Executives are faced with an evolving challenge related to the "cognitive era." There is an unending, growing pressure from competitors, analysts, and vendors to invest in artificial intelligence (AI) and machine learning (ML), or "cognitive." Be wary. The cognitive trap is this: executives know there is tremendous potential with cognitive computing and they also know they have goals for their business for next year, so they simply combine them and assume cognitive MUST be the answer to their goals. My advice is don't fall into the trap of letting the "legend" of cognitive take over, but focus on value instead.
We all know we need to make investments in cognitive, but how? Cognitive isn't just an investment in technology; it's also an investment in people as well as fundamental changes to how the business operates. Changes like this are disruptive. A recent Gartner article stated that "By 2020, 20% of companies will dedicate workers to monitor and guide neural networks." If that prediction for 2020 is correct, what can companies do in 2018?
I've said many times before that AI and ML technologies are powerful, but they're not magic. Executives will have many discussions about cognitive and it's critical to make sure every one of those discussions emphasizes progress towards the goal just as much as it does the technology or capability. Let's unpack that a bit more...
Reason, Remember, Think
If we look at the core definition of cognitive, it relates to our ability to reason, remember, and think. I think we can all relate to those words, which make them great candidates for a framework. We all love frameworks, right? I think these three words really work, particularly when assessing the potential for cognitive to help address a current challenge. Here's a simple example:
- For any job to be done, how does the division, team, or individual think about the work, reason to make decisions, and rememberwhat was done in the past? How do these three cognitive capabilities enable work today, without cognitive?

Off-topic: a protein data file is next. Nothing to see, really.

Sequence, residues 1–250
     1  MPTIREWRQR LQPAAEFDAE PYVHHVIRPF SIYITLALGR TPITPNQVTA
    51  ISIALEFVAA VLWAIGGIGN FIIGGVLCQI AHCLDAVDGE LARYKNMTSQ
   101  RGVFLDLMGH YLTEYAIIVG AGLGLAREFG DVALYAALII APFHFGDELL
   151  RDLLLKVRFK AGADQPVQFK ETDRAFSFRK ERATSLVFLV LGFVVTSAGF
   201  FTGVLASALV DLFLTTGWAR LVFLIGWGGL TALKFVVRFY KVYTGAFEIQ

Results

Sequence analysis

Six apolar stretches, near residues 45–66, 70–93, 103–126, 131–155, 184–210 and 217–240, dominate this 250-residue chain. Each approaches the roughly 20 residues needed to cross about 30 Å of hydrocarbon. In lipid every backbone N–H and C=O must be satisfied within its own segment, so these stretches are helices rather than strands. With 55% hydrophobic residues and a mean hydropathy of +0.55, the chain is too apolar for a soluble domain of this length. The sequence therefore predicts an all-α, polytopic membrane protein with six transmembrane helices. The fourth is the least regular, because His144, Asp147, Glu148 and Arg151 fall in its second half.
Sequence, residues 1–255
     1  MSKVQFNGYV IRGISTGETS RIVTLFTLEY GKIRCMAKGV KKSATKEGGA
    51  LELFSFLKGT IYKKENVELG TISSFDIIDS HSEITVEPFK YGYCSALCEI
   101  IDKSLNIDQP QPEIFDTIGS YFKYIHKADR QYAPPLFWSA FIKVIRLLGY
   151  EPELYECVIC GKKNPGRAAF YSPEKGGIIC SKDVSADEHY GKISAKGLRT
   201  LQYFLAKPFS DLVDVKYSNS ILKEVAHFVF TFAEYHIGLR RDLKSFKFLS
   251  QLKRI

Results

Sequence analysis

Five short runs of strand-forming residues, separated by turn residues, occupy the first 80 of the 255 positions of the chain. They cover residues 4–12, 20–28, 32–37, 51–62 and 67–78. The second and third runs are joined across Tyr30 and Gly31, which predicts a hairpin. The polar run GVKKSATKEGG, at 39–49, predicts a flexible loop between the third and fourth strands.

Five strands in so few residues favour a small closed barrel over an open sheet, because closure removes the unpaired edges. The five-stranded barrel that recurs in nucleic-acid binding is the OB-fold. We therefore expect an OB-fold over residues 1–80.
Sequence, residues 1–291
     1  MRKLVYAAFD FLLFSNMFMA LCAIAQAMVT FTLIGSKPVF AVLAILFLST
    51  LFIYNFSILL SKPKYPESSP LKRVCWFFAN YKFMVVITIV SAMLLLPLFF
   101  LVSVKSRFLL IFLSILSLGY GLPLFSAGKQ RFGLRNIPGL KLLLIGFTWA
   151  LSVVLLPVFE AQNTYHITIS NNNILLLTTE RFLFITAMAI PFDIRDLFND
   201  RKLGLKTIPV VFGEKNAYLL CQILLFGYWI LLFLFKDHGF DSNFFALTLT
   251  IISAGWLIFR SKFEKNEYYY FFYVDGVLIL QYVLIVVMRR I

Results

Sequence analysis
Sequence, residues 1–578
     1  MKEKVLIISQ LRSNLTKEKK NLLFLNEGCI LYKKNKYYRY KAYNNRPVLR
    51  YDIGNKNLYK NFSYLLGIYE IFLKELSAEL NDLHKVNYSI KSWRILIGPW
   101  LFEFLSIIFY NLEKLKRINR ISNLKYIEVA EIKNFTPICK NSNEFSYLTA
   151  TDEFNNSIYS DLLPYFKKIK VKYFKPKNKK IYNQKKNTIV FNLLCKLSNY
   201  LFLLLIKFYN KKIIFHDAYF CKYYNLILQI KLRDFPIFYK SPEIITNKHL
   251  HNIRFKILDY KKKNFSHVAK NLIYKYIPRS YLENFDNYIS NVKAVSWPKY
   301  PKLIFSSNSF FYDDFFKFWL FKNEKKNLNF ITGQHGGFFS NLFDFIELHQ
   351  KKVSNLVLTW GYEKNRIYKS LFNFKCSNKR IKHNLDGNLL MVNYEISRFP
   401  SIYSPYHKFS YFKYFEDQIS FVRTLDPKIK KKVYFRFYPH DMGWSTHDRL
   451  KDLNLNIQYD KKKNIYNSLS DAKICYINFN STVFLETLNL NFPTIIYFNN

- For cognitive technology, the story is no different. How could software think about a job to be done, consume many different facts to reason, and then remember what previous decisions were made?
We've found that there is oftentimes one common thread when assessing jobs through the lens of thinking, reasoning, and remembering. The common thread? data. The more data, the more challenging each of these cognitive tasks is. The less access an individual has to reliable or timely data, the more problems the function typically exhibits. For example, think about evaluating credit or market risks, determining the best offers for a customer, assessing independence issues, or prioritizing the work of a 100 person operational team? These types of jobs require a lot of data to think, reason, and remember, and ultimately make sound decisions each day.
A Cognitive Team
At Kingland, we're investing in cognitive more than any other area and our teams are thinking about cognitive in creative ways. One of the ways we're tackling problems for our clients is by taking this cognitive framework of thinking, reasoning, and remembering a step further and personifying the functions of cognitive software into a "team." Effectively, if you could hire the ultimate team of people to solve your problem, what would their roles be? We think the ultimate team would consist of a collector, a scholar, an inventor, and a CEO. Here's a table to help you understand how we're approaching cognitive, and maybe help you with your 2018 planning as well. Think this team could help you?